Emergency Medicine Residency Program
The University of Tennessee College of Medicine Chattanooga (UTCOMC), based
at Erlanger, added an emergency medicine residency program to its curriculum
during 2008. “This means we are now training emergency medicine physicians who
will become available to staff the emergency departments across the state,” said
Dr. David Seaberg, Dean of UTCOMC.
The program is the first emergency medicine residency program within the
University of Tennessee Health Science Center, which consists of campuses in
Chattanooga, Memphis and Knoxville. Led by program director James Creel, MD,
chief of emergency medicine at Erlanger, the three-year program consists of six
residents at each level, for a total of 18 emergency medicine residents when the
program reaches its maturity.
New Hospice and Palliative Care fellowship program
A one-year fellowship in hospice and palliative care medicine has been
established as a joint effort between the University of Tennessee College of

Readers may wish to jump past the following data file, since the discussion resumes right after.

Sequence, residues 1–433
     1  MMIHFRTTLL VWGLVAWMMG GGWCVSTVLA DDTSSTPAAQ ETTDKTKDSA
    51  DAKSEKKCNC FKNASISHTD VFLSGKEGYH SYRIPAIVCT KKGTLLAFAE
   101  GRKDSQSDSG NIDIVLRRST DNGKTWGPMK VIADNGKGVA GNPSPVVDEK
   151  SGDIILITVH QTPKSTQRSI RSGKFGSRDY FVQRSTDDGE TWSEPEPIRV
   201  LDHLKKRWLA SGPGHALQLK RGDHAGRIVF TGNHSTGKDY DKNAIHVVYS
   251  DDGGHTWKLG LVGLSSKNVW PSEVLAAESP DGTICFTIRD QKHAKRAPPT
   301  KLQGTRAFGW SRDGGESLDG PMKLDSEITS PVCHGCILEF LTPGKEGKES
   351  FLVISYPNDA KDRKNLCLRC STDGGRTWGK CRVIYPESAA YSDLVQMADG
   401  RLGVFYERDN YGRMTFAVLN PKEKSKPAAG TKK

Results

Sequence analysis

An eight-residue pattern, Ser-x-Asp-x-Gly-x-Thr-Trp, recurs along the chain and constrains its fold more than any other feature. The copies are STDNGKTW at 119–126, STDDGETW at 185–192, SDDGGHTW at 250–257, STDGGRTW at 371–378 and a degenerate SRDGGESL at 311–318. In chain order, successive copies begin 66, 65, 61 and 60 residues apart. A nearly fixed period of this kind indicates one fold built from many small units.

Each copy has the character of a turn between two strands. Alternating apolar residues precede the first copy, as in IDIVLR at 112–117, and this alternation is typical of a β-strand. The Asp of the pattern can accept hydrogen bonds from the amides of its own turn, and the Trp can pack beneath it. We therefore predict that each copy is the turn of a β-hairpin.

Medicine Chattanooga and Hospice of Chattanooga. The program is among the
first hospice fellowships to receive accreditation in the nation and one of only
two to be accredited in Tennessee. The fellowship program allows
physicians to become board-certified in hospice and palliative medicine.
Harold Alper, MD, Humanitarian Endowment Fund
The family of the late Harold Alper, MD, honored the physician’s memory and
humanitarian spirit by establishing an endowment fund with the Baroness Erlanger
Foundation to benefit the University of Tennessee College of Medicine
Chattanooga (UTCOMC). The endowment provides funding for an annual Harold Alper,
MD, Resident Humanitarian Award and establishes the annual Harold Alper, MD,
Humanitarian Lecture Series.
Dr. Laura Cooley was the first recipient of the award in 2008. The
annual lecture series will include one lecture for a community-wide audience and
one lecture incorporated into the curriculum for residents.
$2.5 million federal grant for National Children’s Study
The University of Tennessee College of Medicine Chattanooga, based at
Erlanger, has been awarded a $2.5 million federal grant to participate in the
National Children’s Study through a partnership with Emory University.
The National Children’s Study will examine the effects of environmental
influences on the health and development of 100,000 children across the United
States, following them through the prenatal care of the mother until age 21. The
goal of the study is to improve the health and well-being of children.